So, no, Stallman, I disagree and furthermore I condemn your argument as unproductive, wrong, and unhelpful. You might have ground to stand on if LLVM were closed source but it's open - in fact, it's under a more permissive license than the GPL.

      • by hubie (108345)

        But in education and medicine, institutional rules over IP forbid many people I know of from even linking to a GPL'd library. For us, if it's GPL'd then it is off limits.

        But isn't that why libraries are (or should) be licensed under the LGPL, so that there are no "viral" issues? You're not even allowed to link to an LGPL library?

        • But in education and medicine, institutional rules over IP forbid many people I know of from even linking to a GPL'd library. For us, if it's GPL'd then it is off limits.

          But isn't that why libraries are (or should) be licensed under the LGPL, so that there are no "viral" issues? You're not even allowed to link to an LGPL library?

          The problem is 90% of software developers do not know the difference between LGPL and GPL. It pisses me off when they groan ... but but why didn't you use my api? I can't. Your license dictates that I can't earn a living off it nor can my employer.

          Sorry I am not redhat and can't charge for support. It is stupid. Sure you ahve the right as a developer but really so and I mean sooo many apis are GPL and not LGPL that the authors do a diservice without even realizing it.

          But not everyone is a lawyer unfortunate

        • Re:Precisely (Score:5, Interesting)

          by steveha (103154) on Friday January 24, 2014 @04:33PM (#46060533) Homepage

          But isn't that why libraries are (or should) be licensed under the LGPL, so that there are no "viral" issues? You're not even allowed to link to an LGPL library?

          RMS doesn't really like the LGPL. The first L used to stand for "Library" but these days it stands for "Lesser" to indicate its proper place. RMS would rather all libraries be GPL. (Of course, RMS would rather all software of any sort be GPL.)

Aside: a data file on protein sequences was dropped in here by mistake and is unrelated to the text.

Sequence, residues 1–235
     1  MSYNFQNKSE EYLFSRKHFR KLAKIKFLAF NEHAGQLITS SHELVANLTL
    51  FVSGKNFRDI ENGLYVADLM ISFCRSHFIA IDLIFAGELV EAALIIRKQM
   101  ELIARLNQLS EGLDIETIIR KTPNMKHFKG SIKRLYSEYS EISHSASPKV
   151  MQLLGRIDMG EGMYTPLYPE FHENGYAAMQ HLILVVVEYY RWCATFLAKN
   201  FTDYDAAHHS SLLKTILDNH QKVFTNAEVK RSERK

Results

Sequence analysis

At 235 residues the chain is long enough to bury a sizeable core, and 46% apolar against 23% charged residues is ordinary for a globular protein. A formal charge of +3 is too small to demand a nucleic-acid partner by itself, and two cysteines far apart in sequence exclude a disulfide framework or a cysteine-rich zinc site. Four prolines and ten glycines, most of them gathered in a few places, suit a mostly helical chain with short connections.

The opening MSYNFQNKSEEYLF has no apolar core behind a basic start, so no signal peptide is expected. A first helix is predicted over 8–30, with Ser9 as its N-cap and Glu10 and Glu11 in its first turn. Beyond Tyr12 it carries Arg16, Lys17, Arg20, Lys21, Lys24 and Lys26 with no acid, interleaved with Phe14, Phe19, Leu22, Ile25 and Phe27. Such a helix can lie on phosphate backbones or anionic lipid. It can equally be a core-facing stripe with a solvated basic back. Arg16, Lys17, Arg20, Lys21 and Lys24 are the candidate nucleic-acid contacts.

https://www.gnu.org/licenses/why-not-lgpl.html [gnu.org]

          LGPL actually contains some strange provisions that can be a deal breaker. For example, LGPL requires that you take no steps to prevent your customers from reverse-engineering your software. I once worked on a project where part of the technology stack came with a legal requirement to take steps to prevent customers from reverse-engineering, so LGPL was just as radioactive as GPL.

          IMHO, LGPL is not a good license and should go away. It should be replaced by the GUILE license, which is simply GPL with an exception: linking the library does not in any way invoke the viral GPL features. So, if you fix bugs or add features in the library, you must share your code so other users of the library gain the benefit; but you are free to link the library with proprietary software if you wish.

          The above will not happen, as RMS and the FSF consider the viral aspects of GPL to be a feature.

      • Re:Precisely (Score:5, Insightful)

        by orasio (188021) on Friday January 24, 2014 @03:42PM (#46059913) Homepage

        The thing is that you are worried about computing in the current world.
        RMS is worried about the future of computing, and has helped shape it, winning several battles, even though he is losing the war.